Cameroon: Will the widespread unrest bring political change?

Cameroon was besieged this week by the worst violence in fifteen years, as a transportation strike, formally ended by unions on Wednesday, expanded into a more general protest against rising food and oil prices and President Biya‘s attempts to alter the constitution and extend his 25-year rule.

So far, at least six and as many as two-dozen people have been killed. Police have been firing tear gas at protesters, sometimes dropping canisters of gas from helicopters.

In Bamenda, a city in northwestern Cameroon, protesters pursued by paramilitary police reportedly used school children as human shields.

As the crisis mounts, Cameroonian bloggers and their readers, many writing from abroad, express concern for loved ones and debate the country's political future.

Le Blog du Prési, written by a Cameroonian man living in France, writes in a post entitled “The Hour is Grave“:

C'est par ce titre qu'un ami intitulait le mail qu'il nous adressait ce lundi. Et pour cause, de nombreux affrontements et blocages paralysent l'activité dans les principales villes camerounaises, Douala en particulier. La raison à tout ceci, le prince veut modifier la constitution pour s'offrir quelques années de plus de règne, en meme temps, il asphyxie la population obligeant les transporteurs à se mettre en grève et le mélange de tout ceci donne un cocktail explosif qui a malheureusement un effet boomerang parce qu'handicapant encore plus ce peuple déjà bien mis à mal.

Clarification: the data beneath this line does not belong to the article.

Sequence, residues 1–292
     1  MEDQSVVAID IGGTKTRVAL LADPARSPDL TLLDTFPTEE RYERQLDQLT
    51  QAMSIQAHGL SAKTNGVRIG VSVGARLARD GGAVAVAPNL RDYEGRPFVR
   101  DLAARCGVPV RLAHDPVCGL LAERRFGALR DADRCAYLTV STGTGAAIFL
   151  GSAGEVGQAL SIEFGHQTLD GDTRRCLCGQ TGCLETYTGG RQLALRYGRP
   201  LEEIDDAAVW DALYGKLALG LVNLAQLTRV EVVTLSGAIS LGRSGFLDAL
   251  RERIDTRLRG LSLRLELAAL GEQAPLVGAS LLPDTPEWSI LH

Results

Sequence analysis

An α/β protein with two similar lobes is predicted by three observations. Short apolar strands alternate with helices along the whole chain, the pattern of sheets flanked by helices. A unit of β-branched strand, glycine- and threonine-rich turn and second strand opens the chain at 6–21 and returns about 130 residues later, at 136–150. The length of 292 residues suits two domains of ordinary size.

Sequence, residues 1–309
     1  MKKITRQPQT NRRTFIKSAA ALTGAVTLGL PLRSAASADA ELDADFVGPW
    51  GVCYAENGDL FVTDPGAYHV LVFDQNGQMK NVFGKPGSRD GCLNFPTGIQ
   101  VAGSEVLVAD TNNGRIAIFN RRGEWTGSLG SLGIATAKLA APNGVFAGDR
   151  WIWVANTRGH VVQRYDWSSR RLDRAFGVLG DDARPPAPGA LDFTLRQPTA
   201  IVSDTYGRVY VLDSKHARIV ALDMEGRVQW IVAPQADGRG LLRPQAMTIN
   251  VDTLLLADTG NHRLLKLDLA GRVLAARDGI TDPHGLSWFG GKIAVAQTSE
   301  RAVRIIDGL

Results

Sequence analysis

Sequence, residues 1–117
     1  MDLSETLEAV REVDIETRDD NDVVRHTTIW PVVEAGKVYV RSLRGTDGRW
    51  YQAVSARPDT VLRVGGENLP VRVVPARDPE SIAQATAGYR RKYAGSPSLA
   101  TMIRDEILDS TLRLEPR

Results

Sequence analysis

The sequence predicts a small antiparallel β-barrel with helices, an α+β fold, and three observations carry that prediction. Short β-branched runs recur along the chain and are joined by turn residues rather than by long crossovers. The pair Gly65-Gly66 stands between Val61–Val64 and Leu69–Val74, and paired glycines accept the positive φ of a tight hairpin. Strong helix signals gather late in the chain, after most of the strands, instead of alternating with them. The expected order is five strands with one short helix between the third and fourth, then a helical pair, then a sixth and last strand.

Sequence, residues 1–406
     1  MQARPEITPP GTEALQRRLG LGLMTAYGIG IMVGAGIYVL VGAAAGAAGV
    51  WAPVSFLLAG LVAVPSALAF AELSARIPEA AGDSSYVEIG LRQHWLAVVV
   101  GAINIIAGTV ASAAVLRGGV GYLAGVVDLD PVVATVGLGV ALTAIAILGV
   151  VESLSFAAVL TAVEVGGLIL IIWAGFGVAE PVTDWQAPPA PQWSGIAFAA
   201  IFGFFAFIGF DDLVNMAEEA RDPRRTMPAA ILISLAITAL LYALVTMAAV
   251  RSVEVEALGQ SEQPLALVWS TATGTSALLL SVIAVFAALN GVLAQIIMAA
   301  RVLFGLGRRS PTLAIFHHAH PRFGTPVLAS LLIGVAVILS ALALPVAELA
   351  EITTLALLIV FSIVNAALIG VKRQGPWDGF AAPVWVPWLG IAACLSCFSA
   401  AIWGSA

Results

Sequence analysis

This is the title a friend of mine gave an email he wrote us Monday. And for good reason. Numerous confrontations and road blocks have paralyzed Cameroon's main towns, especially Douala. The reason for all of this is that the prince wants to modify the constitution to give himself a few more years of reign, and at the same time, he asphyxiates the population by compelling the transport workers to strike. The mix of all this makes for an explosive cocktail which unfortunately has a boomerang effect, further handicapping this people who are already in serious jeopardy.

A reader named Edouard, currently in Cameroon, responds, saying the crisis is far more widespread and serious:

“L'heure est grave”. Mes frères, vu du Cameroun, le mot n'est n'est pas fort. Ce n'est pas seulement Douala quio chauffe. L'Ouest, le Sud-Oues, le Nord-Ouest et Yaoundé sont en ébullition.

La tension est montée d'un cran ce jour dans la capitale. Et figurez vous que c'est actuellement l'armée (les militaires) qui assurent le maintien de l'ordre. Il y a eu du feu un peu partout, et surtout à Mokolo et Tsinga. Même la poste centrale a été paralysée.

L'affaire a dépassé la grève des transporteurs terrestres. Je me tape environs 30km en aller et retour pour être au bureau. Mais depuis hier, notre journal n'est même pas imprimé. C'est par Internet qu'on essaye d'informer.
Les lendemains sont incertains.

“The Hour is Grave.” My brothers, seen from Cameroon, this word is not strong [enough]. It is not only Douala that is on fire. The West, the Southwest, the Northwest and Yaounde are all boiling over.